Facebook formally unveils its "Deals" platform for location-based marketing. Gap made the biggest splash, but The North Face and Palms Casino Resort are also launch partners.
One day in the near future, Facebook says, Gap will give away a free pair of jeans for the first 10,000 check-ins via Places. And that's how Facebook today announced - among other measures - a "Deals" platform for business promotions that was recently rumored to be in development.
In the coming weeks, the self-service platform will be made available to the thousands of businesses with a Facebook Page, according to the Palo Alto, CA-based social media giant. In addition to the Gap promotion, Facebook said The North Face will give $1 to charity for any user who checks in at a store or a national park. Other launch partners include Palms Casino Resort, Alamo Drafthouse, and the NBA's Golden State Warriors.
After unveiling the five premiere launch partners, Facebook showed a slide depicting 22 brands - from a wide variety of niches - that it says will soon be using "Deals." They included McDonald's, Starbucks, H&M, Macy's, National Park Foundation, the NFL's San Francisco 49ers, and universities like Texas Tech and Nebraska.
The platform was also built with small businesses in mind and will surely create greater competition for their digital market share. "We are encouraging merchants to push out deals to their current customers," said Tim Kendall, Facebook's director of monetization. "And hopefully, [they will] attract proximate new customers."
Mobile users will be able to locate retailers with deals in their proximity via the Places app. Merchants can run "Individual" deals, such as getting a free appetizer by checking in at a restaurant. Or they can run "Friends" deals, where groups are rewarded for collectively checking in at a location. A third variation to the platform is called "Charity," demonstrated by The North Face example. To prevent location fraud, Facebook CEO Mark Zuckerberg said the platform mandates users show merchants their phone screens after they claim a deal.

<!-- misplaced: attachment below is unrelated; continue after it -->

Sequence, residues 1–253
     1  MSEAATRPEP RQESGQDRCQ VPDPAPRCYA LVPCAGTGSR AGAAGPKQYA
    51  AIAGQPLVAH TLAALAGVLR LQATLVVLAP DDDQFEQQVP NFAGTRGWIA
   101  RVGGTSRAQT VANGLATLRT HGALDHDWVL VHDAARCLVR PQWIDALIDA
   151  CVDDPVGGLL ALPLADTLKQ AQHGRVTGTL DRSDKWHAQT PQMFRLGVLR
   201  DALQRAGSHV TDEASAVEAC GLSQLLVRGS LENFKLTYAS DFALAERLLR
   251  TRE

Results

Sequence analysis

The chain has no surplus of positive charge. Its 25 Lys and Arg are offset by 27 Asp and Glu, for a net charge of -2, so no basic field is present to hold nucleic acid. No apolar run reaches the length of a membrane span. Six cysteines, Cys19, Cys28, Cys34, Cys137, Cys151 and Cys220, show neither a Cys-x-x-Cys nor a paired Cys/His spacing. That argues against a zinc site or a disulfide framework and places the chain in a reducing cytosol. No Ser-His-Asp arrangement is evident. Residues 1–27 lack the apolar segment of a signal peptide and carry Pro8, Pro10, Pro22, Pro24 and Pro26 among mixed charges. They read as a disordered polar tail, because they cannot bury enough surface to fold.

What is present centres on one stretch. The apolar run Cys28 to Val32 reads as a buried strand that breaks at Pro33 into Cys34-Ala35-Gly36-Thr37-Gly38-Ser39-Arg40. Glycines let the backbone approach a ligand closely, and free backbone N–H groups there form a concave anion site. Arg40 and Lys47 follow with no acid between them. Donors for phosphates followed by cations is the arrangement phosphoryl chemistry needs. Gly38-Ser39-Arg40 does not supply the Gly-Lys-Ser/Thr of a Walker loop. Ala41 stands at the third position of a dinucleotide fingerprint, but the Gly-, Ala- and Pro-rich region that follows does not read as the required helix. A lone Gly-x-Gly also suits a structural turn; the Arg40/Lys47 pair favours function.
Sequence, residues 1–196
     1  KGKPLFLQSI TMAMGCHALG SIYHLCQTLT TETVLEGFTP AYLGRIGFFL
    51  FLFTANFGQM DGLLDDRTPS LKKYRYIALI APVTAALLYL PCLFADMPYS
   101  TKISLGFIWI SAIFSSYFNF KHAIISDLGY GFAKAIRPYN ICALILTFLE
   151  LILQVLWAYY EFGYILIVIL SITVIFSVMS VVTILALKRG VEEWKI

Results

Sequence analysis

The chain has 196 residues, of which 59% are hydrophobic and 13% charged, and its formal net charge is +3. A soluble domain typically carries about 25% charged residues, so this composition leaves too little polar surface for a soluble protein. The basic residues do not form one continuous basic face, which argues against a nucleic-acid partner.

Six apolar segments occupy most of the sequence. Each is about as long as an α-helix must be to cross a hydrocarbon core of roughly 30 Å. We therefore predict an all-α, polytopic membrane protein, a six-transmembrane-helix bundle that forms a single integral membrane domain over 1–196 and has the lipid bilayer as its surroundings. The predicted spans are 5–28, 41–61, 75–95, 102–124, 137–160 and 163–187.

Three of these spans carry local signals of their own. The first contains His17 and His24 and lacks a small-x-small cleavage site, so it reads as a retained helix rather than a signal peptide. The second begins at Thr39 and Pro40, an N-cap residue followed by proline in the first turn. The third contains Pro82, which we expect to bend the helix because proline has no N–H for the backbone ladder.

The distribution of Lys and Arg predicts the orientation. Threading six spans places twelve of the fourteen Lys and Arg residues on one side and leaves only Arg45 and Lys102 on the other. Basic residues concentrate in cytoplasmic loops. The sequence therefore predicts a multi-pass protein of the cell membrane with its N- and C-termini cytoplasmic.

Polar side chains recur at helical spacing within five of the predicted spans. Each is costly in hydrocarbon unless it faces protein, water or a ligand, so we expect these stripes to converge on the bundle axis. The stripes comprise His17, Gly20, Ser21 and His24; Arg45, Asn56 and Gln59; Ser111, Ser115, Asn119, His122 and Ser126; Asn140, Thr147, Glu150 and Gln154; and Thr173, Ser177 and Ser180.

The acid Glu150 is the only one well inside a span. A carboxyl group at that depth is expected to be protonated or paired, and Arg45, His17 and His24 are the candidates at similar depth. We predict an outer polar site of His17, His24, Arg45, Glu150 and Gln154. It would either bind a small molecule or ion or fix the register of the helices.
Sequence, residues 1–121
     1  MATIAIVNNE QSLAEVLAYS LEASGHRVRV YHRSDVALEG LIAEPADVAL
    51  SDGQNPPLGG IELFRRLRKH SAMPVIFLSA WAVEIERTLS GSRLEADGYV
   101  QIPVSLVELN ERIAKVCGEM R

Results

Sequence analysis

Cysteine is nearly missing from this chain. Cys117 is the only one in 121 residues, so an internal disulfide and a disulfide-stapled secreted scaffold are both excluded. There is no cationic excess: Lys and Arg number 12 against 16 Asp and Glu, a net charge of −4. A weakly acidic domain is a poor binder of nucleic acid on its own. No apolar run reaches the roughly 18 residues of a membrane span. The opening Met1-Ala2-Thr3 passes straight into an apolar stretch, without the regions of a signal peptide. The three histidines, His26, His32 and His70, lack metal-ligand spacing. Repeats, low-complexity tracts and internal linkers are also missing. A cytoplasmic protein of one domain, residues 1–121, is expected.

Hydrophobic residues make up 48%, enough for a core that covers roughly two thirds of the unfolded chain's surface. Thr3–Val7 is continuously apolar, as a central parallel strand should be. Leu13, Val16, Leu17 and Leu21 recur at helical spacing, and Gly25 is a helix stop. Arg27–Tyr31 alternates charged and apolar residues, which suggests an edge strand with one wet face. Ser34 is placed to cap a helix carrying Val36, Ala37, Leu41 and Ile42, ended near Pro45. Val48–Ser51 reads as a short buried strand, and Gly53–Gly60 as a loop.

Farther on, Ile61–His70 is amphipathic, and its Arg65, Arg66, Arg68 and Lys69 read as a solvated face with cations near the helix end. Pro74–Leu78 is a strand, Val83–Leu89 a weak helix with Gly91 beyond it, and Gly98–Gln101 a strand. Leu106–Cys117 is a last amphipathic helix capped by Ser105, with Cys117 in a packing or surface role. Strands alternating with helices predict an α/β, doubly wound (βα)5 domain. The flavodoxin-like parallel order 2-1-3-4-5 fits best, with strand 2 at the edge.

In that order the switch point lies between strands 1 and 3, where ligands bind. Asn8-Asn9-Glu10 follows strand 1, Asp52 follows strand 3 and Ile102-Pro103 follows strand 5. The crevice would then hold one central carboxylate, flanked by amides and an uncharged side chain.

Zuckerberg added, "We don't get paid for the deals. The deals are user value and business value."
A free, self-service marketing platform on Facebook would seem to spell trouble for location-based players like Foursquare and Gowalla, which would like to start charging local businesses in order to monetize their services. Local advertisers might have little reason to pay those players when they can reach a larger audience free-of-cost via Facebook Places/Deals.
Also at the one-hour press conference, Facebook announced that Places and Groups were available on its Android app. This development should dramatically extend the reach of Places in particular, since the Google mobile OS has recently had hundreds of thousands of devices activated each day. Previously, Places was only available to iPhone users. More than 100 million consumers reportedly had downloaded the general Facebook app for iPhones by the time Places was launched in August.
Zuckerberg said Facebook now has 200 million mobile users per month - up from the 150 million it most recently claimed. "I want to say something about the velocity of all of this," the CEO commented. "We just launched Places two months ago. And we are a small team. For what we are doing...a really small team."
In addition, Facebook head of mobile Erick Tseng explained a new button that lets a third-party developer give users a one-click way to sign on with their mobile devices. "It removes the need to ever have to type a username or password again," Tseng said. "[It will save] you time from things you have to do, to the stuff you want to do."
Lastly, Facebook announced Places APIs for developers to build a variety of mobile apps on.
Christopher Heine was a senior writer for ClickZ through June 2012. He covered social media, sports/entertainment marketing, retail, and more. Heine's work has also appeared via Mashable, Brandweek, DM News, MarketingSherpa, and other tech- and ad-centric publications. USA Today, Bloomberg Radio, and The Los Angeles Times have cited him as an expert journalist.
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